Vegan-ish: A Physician’s Journey to More Plant-Based Meals | “Handful” Smoothie
I am Dr. Monique May, Board-certified Family Physician and Founder of Physician in the Kitchen™. Through my best-selling book, MealMasters: Your Simple Guide to Modern Day Meal Planning, and NEW cookbook, Doc Fix My Plate! The Physician In The Kitchen’s Prescriptions For Your Healthy Meal Makeover, and online cooking classes, I help busy households enjoy healthy eating without impacting their hectic schedules.
Hello MealMasters! People choose to adopt vegan or other lifestyles for a variety of reasons, and they are usually related to improving their health. They may want to eliminate the need for medications to treat their cholesterol or high blood sugar, or maybe they want to lose a few pounds to reach an ideal or preferred weight. By cutting out animal protein, you may notice an improvement in chronic conditions such as joint pain or kidney disease. You may also decrease your risk of developing certain types of cancer. For me, in addition to the known health benefits of a plant-based diet, I truly enjoy experimenting and testing recipes featuring vegetables or other plant-based foods. I also get to create in my “lab” while using my many kitchen gadgets and appliances. This year I am chronicling my journey toward more plant-based meals, and I am sharing with my readers my favorite foods, along with tips and tricks I have discovered along the way.
D is for dairy replacements: Part of the challenges and rewards of adopting a more plant-based diet has been finding simple and easy-to-find (or make) replacements for milk, cheese, butter, and yogurt. My favorites so far, by category, are:
- milk: soy, coconut, almond milk. These milk options are unsweetened, and are a good source of calcium. They have no cholesterol and very little sodium. Also, they contain no trans fat and either no or very little saturated fat. I use them as 1:1 replacements for any recipe that calls for cow’s milk.
- butter: plant butter. I use the Country Crock brand that offers olive oil, avocado, and almond varieties, and prefer the olive oil one. Speaking of olive oil, although it is not a dairy product, I will go ahead and mention it here because I sometimes use them interchangeably (for sautéing vegetables, for example), but it will get its own article in the future. I use these butters to make my vegan and gluten-free pound cakes and honestly do not miss dairy butter at all! These butters are a blend of plant-based oils, including palm, canola, and olive. As such, they do contain small amounts of saturated fats, but no trans fats at all. Saturated fats are considered “unhealthy” and should comprise no more than 10% of your daily calories, so eating low amounts are probable okay. Compared to diary butter, however, it is a much better option. Both saturated and trans fat can raise your bad cholesterol (or LDL as we call it), and as a result increase your risk for heart disease that can lead to heart attacks. However, trans fats are the most harmful because they also lower the good, protective cholesterol known as HDL, which decreases heart disease risk. Saturated fats actually do raise your good cholesterol (HDL) which is a good thing. Another good thing about these butters is that they are cholesterol-free.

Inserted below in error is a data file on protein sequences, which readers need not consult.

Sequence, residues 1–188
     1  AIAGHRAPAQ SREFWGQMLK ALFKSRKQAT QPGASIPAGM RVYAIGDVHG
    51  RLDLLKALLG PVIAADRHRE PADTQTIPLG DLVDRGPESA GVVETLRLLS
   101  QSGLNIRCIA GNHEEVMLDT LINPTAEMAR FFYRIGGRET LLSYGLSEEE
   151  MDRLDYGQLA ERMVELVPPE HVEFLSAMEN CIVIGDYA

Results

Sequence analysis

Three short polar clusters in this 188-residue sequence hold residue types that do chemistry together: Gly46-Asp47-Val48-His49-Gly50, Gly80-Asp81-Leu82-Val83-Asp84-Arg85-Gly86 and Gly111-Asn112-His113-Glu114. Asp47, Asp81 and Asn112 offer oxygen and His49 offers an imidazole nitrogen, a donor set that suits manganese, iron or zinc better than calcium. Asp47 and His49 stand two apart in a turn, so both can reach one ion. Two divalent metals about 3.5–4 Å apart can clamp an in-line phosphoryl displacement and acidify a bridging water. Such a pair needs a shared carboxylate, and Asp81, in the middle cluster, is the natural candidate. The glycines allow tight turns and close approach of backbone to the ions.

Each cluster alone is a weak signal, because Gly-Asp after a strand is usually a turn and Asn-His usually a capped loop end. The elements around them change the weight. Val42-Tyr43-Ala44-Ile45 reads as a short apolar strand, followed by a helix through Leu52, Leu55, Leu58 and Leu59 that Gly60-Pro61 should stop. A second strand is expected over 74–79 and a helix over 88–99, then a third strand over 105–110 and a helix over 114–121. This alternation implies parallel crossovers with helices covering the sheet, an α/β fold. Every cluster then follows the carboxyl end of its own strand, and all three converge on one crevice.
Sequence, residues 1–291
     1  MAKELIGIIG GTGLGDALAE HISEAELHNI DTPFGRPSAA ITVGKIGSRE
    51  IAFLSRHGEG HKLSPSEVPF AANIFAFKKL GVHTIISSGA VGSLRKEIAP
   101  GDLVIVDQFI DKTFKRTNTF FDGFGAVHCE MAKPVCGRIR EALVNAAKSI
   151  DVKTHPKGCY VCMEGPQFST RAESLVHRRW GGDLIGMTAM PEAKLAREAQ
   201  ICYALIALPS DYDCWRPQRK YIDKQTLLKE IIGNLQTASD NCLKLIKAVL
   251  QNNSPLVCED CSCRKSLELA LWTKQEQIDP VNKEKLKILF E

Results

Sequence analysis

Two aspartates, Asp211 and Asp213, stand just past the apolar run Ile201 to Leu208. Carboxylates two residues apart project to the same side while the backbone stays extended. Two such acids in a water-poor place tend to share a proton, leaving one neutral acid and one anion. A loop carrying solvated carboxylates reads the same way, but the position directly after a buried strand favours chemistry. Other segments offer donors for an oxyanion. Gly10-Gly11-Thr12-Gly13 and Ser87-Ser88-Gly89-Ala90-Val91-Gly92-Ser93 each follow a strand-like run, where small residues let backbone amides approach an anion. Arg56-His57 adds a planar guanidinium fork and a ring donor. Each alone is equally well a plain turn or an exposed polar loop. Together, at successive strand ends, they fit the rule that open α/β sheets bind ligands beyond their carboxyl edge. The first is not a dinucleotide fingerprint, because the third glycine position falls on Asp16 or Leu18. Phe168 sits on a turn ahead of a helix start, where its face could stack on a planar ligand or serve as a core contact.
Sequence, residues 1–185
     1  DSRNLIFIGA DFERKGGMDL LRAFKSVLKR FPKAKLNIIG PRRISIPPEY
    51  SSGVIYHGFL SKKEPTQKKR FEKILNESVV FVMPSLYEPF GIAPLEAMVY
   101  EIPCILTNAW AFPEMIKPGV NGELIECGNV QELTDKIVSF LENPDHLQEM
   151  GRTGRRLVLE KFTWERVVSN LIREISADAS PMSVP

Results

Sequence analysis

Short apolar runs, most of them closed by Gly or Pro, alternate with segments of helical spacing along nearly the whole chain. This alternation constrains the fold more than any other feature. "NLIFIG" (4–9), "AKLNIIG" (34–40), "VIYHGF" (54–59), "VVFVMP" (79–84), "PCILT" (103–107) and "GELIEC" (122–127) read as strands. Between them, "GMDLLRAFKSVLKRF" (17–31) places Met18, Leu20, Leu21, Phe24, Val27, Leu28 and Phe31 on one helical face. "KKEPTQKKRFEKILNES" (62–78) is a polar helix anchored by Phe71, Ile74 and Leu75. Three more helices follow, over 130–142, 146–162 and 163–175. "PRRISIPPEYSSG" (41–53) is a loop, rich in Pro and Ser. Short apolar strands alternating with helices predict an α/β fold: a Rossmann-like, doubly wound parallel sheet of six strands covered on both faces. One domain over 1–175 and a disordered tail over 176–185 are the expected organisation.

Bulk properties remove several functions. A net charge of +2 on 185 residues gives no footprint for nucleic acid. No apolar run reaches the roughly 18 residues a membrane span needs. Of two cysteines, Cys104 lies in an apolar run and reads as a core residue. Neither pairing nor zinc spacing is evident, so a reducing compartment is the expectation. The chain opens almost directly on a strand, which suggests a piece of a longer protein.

- cheese: Full disclosure here: I am not a big fan of vegan cheese. I honestly find them bland in taste. The one brand I have tried so far is soy and gluten-free. I have tried cheddar and mozzarella. While they are cholesterol-free, they do contain about 10% of the recommended daily amount of sodium (approximately 230-240 mg per 1/4 cup serving). Since I have high blood pressure, I have to be on the lookout for hidden “salt bombs” (foods that are unexpectedly high in sodium). Surprisingly, this is actually higher than what is found in the same amount of regular cheddar or mozzarella cheese (but lower than feta). In addition, some vegan cheeses can be highly processed with chemical names that can be hard to pronounce. So imagine my pleasant surprise when I recently discovered nutritional yeast! It is vegan, gluten-free and loaded with B vitamins, including B12, thiamine, niacin, riboflavin, and folate. It has no cholesterol and almost no sodium (only 10 mg per tablespoon). Nutritional yeast can add umami (read: savory or meaty) flavor. Umami is one of the five taste profiles (sweet, salty, bitter, and sour) so to have a vegan replacement option is more than ideal. It can be added to a variety of foods, such as sauces, popcorn, pizza, and baked potatoes, just to name a few. I am so excited to add this ingredient to my repertoire and further explore what I can do with it!
- yogurt: Greek yogurt gets an honorable mention here because it has more protein and less sugar than regular yogurt. Traditional Greek yogurt is made with goat’s milk, whereas the American version is made with cow’s milk, placing it squarely in the vegetarian category. I use it in my “Handful” Smoothie. I call it that because I literally add a handful of spinach, a handful of frozen fruits (berries, pineapple, mango, etc), and a handful of frozen riced cauliflower (which adds fiber and makes you feel full without affecting the taste), along with other ingredients, including flaxseed and plant-based protein powder. It is a creamy, refreshing, nutrient-filled smoothie, perfect after a workout or as a meal replacement. However, I recently found a recipe for a vegan alternative and made some yogurt myself. Raw cashews, lemon juice, and apple cider vinegar in a blender and voila! Instant vegan yogurt! It was so easy I was inspired to make my own recipe which you can find here.
If you are just starting on your vegan journey or are looking for new dairy alternatives give some of these a try!
See you in the kitchen!
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